Blue Heelers are naturally suspicious of strangers. They have to be since they’re herding dogs, and announcing thieves and predators is part of the job description.
These dogs also tend to regard cats and other small animals as prey.
As such, the first step in your Blue Heeler puppy training is socialization.
While there are many ways to socialize your puppy, the most important thing is to make the experience positive.
A bad impression might shape your Blue Heeler puppy’s adult behavior, so don’t force your puppy when they seem uncomfortable or afraid of something.
Work slowly on overcoming any fears and remember to praise and reward.
It’s essential to expose your Blue Heeler puppy to children. Otherwise, an adult Blue Heeler might not know how to treat them and hurt them by accident.
Some adult dogs might also consider children to be a threat if they had never interacted with kids.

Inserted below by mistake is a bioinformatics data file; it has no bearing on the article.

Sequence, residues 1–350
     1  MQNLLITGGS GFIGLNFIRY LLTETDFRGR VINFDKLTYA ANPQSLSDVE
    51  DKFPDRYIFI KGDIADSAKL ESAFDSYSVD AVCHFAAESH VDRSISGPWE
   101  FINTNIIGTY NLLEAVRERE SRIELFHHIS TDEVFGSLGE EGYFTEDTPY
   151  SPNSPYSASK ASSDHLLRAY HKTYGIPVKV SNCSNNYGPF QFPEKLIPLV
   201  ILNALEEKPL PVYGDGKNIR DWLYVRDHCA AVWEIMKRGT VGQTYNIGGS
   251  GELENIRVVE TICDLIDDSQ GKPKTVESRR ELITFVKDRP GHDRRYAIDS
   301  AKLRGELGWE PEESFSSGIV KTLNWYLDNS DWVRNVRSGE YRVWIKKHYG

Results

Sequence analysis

As for animals, Blue Heelers get on well with dogs and cats when they’ve been raised together.
But your Blue Heeler might still think the neighbor’s cats a fair game.
#3 Use Positive Reinforcement
Since Blue Heelers are herding dogs, they’re used to working closely with their humans. As such, Blue Heelers are easy to train, and they learn commands quickly.
All you have to do is use a lot of positive reinforcement whenever your Blue Heeler puppy does something you want to be repeated.
It’s essential to reward immediately so that your Blue Heeler can make a connection between the reward and the action.
You can start Blue Heeler puppy training as young as eight weeks.
Blue Heeler training commands include teaching your dog to respond to their name, come when called, and how to sit on command, among few.
#5 Set Rules and Boundaries